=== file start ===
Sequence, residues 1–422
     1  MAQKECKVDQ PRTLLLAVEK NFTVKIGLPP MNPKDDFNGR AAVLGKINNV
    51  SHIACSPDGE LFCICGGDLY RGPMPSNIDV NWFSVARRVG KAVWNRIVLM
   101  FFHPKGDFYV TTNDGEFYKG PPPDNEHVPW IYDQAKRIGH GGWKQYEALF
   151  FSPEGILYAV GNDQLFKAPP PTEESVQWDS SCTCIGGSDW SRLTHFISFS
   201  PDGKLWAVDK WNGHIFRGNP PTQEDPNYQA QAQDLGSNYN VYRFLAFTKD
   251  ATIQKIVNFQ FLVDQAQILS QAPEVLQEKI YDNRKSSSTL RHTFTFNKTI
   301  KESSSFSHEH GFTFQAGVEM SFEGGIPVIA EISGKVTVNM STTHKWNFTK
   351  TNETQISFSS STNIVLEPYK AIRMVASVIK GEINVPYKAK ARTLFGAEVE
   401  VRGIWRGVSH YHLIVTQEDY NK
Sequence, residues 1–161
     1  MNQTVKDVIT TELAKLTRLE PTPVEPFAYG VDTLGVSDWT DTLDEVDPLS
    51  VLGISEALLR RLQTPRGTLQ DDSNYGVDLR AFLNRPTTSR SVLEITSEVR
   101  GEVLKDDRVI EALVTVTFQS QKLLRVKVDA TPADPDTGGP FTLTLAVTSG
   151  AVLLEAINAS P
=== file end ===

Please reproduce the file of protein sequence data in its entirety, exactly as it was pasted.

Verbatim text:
Sequence, residues 1–422
     1  MAQKECKVDQ PRTLLLAVEK NFTVKIGLPP MNPKDDFNGR AAVLGKINNV
    51  SHIACSPDGE LFCICGGDLY RGPMPSNIDV NWFSVARRVG KAVWNRIVLM
   101  FFHPKGDFYV TTNDGEFYKG PPPDNEHVPW IYDQAKRIGH GGWKQYEALF
   151  FSPEGILYAV GNDQLFKAPP PTEESVQWDS SCTCIGGSDW SRLTHFISFS
   201  PDGKLWAVDK WNGHIFRGNP PTQEDPNYQA QAQDLGSNYN VYRFLAFTKD
   251  ATIQKIVNFQ FLVDQAQILS QAPEVLQEKI YDNRKSSSTL RHTFTFNKTI
   301  KESSSFSHEH GFTFQAGVEM SFEGGIPVIA EISGKVTVNM STTHKWNFTK
   351  TNETQISFSS STNIVLEPYK AIRMVASVIK GEINVPYKAK ARTLFGAEVE
   401  VRGIWRGVSH YHLIVTQEDY NK
Sequence, residues 1–161
     1  MNQTVKDVIT TELAKLTRLE PTPVEPFAYG VDTLGVSDWT DTLDEVDPLS
    51  VLGISEALLR RLQTPRGTLQ DDSNYGVDLR AFLNRPTTSR SVLEITSEVR
   101  GEVLKDDRVI EALVTVTFQS QKLLRVKVDA TPADPDTGGP FTLTLAVTSG
   151  AVLLEAINAS P